Amenhotep was not solely a warrior, but also a diplomat who established cordial relations with Babylonians and Hittites in exchange for acknowledging Egyptian hegemony of the region. With peace secured, Amenhotep set about initiating various building projects. He commissioned a column to stand in the courtyard between the fourth and fifth pylons in the Temple of Karnak commemorating the agreement between him and the Mitannian kings Artatama I and Šuttarna II.

Monuments and Attestations[]

Amenhotep II followed Thutmoses III in building and enlarging temples. He also placed statues of himself both in front of them and inside them. One shows him as an offering king in kneeling position with an altar (Cairo CG 42073). His statuary can be grouped on the basis of physiognomy and iconography. One can see a development from the statuary of Hatshepsut, Thutmoses III, Amenhotep II, Thutmoses IV up to Amenhotep III. So the faces of the statues are not so much portraiture as an idealized face expressing artistic tradition and the contemporary ideal of beauty.

Amenhotep II built a temple to Horemakhet near the Great Sphinx at Giza and expanded the Temple Complex of Karnak. Amenhotep also ordered the decoration of the Temple at Kalabsha and continued Thutmose III's construction projects at Amada in Nubia.

Amenhotep had a mortuary temple constructed at the edge of the cultivation in the Theban Necropolis, close to where the Ramesseum was later built, but it was destroyed in ancient times.

Burial and Succession[]

Amenhotep II was succeeded by his son Thutmose IV and interred in his KV35 rock-cut tomb in the Valley of the Kings; his mummy was found there within his original sarcophagus when the tomb was discovered in March 1898 by Victor Loret. The tomb also housed a mummy cache containing several New Kingdom pharaohs including Thutmose IV, Seti II, Ramesses III, Ramesses IV, and Ramesses VI. They had been re-buried in Amenhotep II's tomb by the 21st Dynasty High Priest of Amun, Pinedjem II, during Siamun's reign, to protect them from tomb robbers.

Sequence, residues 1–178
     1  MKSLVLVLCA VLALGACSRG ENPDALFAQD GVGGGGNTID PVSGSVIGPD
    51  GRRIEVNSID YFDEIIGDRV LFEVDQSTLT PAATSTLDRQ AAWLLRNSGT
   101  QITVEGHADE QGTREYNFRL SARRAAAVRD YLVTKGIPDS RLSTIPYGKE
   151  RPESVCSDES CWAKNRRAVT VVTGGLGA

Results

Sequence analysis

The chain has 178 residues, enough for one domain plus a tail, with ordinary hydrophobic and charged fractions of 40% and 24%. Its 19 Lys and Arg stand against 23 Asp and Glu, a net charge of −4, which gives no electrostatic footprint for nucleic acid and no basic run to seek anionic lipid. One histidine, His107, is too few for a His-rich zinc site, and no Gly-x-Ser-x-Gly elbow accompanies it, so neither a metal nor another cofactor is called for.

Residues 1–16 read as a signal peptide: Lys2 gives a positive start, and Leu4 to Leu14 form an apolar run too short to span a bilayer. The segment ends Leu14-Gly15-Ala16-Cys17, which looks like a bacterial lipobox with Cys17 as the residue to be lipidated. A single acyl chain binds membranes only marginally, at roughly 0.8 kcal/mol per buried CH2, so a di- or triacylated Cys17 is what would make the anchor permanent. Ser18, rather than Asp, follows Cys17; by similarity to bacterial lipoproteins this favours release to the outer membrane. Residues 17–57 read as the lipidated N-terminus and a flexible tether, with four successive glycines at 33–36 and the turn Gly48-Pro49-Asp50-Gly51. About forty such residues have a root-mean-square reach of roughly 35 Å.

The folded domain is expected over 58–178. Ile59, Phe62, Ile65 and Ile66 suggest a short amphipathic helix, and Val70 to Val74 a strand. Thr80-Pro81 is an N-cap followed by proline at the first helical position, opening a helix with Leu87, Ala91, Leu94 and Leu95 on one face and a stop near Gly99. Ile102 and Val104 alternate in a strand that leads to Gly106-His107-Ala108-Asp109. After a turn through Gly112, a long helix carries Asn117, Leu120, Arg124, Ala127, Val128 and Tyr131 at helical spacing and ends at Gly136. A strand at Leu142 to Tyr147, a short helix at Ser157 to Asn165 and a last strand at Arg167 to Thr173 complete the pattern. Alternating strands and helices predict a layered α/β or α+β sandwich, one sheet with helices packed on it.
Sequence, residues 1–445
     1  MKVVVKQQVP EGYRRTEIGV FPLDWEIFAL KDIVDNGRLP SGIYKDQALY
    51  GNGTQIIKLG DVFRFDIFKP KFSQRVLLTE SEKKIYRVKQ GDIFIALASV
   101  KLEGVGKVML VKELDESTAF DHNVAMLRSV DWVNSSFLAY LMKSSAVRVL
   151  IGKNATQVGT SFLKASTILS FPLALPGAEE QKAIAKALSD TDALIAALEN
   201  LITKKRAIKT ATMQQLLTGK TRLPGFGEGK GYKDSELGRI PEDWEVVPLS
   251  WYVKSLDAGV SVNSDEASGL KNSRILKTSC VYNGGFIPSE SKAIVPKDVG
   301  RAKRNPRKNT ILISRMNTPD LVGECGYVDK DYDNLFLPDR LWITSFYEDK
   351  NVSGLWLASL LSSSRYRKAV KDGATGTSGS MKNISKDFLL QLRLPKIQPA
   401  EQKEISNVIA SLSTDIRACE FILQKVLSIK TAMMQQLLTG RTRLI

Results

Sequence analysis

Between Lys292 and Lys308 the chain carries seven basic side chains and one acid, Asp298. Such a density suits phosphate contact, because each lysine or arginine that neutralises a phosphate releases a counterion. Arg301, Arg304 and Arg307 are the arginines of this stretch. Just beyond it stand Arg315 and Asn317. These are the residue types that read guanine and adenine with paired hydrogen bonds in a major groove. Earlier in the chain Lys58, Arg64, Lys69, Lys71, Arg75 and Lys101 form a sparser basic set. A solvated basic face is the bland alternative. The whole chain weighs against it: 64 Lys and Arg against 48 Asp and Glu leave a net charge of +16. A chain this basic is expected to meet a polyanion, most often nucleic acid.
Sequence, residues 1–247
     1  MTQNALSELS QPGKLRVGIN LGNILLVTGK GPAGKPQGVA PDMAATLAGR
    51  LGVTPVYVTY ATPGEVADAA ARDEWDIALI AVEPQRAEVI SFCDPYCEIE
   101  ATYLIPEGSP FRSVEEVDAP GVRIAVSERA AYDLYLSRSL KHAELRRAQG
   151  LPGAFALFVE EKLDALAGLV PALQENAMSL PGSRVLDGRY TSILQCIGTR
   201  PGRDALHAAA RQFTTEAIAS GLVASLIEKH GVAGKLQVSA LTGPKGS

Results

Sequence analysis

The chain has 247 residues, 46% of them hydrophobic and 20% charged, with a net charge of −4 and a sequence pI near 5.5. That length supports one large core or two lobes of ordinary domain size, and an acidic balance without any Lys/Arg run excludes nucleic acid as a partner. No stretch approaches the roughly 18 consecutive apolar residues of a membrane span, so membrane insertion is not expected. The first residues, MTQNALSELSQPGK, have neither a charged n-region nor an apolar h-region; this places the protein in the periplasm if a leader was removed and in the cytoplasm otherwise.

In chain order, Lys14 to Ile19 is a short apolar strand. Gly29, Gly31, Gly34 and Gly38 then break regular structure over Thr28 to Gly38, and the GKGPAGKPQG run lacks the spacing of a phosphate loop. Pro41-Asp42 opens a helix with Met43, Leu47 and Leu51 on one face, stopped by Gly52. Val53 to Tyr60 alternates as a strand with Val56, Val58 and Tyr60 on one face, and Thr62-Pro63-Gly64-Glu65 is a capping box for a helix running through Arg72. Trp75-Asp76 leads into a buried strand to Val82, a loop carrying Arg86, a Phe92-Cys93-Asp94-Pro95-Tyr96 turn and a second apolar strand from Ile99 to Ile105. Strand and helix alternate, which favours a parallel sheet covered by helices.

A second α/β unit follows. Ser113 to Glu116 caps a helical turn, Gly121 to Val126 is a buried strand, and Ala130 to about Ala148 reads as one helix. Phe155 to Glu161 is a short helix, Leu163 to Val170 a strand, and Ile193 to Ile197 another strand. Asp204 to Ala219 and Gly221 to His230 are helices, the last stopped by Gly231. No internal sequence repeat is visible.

Mummyhead of Amenhotep II (Carter 1902).

Amenhotep II's mummy has the inventory number CG 61069.[11] The mummy of the king was first examined, described, and photographed in January 1902 by Gaston Maspero in the company of Howard Carter, Friedrich Wilhelm von Bissing, and Pierre Lacau.[12] The Australian anatomist Grafton Elliot Smith examined Amenhotep's mummy in 1907. During this examination the linen still adhering to the face was removed for an unobstructed view. He found the body to be 1.67 metres (5.5 ft) tall and noted a strong facial resemblance to his son, Thutmose IV. The wavy brown hair present on his head is "abundantly interspersed with white".[13] The arms are crossed low over the chest, with the right hand tightly clenched and the left less so. Unusually, the skin all over the body is covered with small tubercles though Smith could not say if they were the result of the embalming process or disease. Resin on the body preserved the impressions of jewellery; several rows of a beaded collar were present on the upper back, and a diamond-shaped geometric pattern seen on the back of the hips. Smith estimated he was forty to fifty at death based on his worn teeth and greying hair.[13] His cause of death remains unknown.

In April 2021 his mummy was moved from the Museum of Egyptian Antiquities to the National Museum of Egyptian Civilization along with those of 17 other kings and 4 queens in an event termed the Pharaohs' Golden Parade.[14]

See also[]


  1. Von Beckerath 1997, p. 190.
  2. Der Manuelian 1987, p. 21.
  3. Wente 1975, p. 267.
  4. Breasted 1906, p. 234.
  5. 5.0 5.1 Van Siclen 2001, p. 71.
  6. 6.0 6.1 Shaw & Nicholson 1995, p. 28.
  7. Der Manuelian 1987, op. cit., p. 42-43.
  8. Redford, JNES Chronology, p. 119.
  9. Der Manuelian 1987, p. 43.
  10. Der Manuelian 1987, p. 44.
  11. Habicht et al. 2016.
  12. Carter et al. 1902.
  13. 13.0 13.1 Smith 1912, p. 36–38.
  14. Parisse, Emmanuel (5 April 2021). "22 Ancient Pharaohs Have Been Carried Across Cairo in an Epic Golden Parade". ScienceAlert.


  • Beckerath, J. von, 1997: Chronologie des Pharaonischen Ägypten. Philipp von Zabern, Mainz.
  • Breasted, J.H., 1906: Ancient Records of Egypt. Vol. II. University of Chicago Press.
  • Carter, H./Bissing, F.W. von/Lacau, P./Maspero, G., 1902: Annales du Service des Antiquités de l'Égypte. ASAE, Vol. 3
  • Grimal, N., 1992: A History of Ancient Egypt. Blackwell Books.
  • Habicht, M./Rühli, F./Bouwman, A., 2016: Identification of Ancient Egyptian Royal Mummies from the 18th Dynasty reconsidered. American Journal of Physical Anthropology.
  • Manuelian, P. der, 1987: Studies in the Reign of Amenophis II. Hildesheimer Ägyptologische Beiträge (HÄB) Verlag.
  • Reisinger, M., 2005: Entwicklung der ägyptischen Königsplastik in der frühen und hohen 18. Dynastie. Agnus-Verlag, Münster.
  • Siclen, C.C. van, 2001: Amenhotep II. The Oxford Encyclopedia of Ancient Egypt. Ed. Donald Redford. Vol. 1. Oxford University Press.
  • Smith, G.E., 1912: The Royal Mummies: Catalogue Général des Antiquités Égyptiennes du Musée de Caire. Duckworth Egyptology, Bath (Reprinted year 2000 version).
  • Wente, E.F., 1975: Thutmose III's Accession and the Beginning of the New Kingdom. Journal of Near Eastern Studies, University of Chicago Press.

External links[]

Thutmose III
Pharaoh of Egypt
Eighteenth Dynasty
Thutmose IV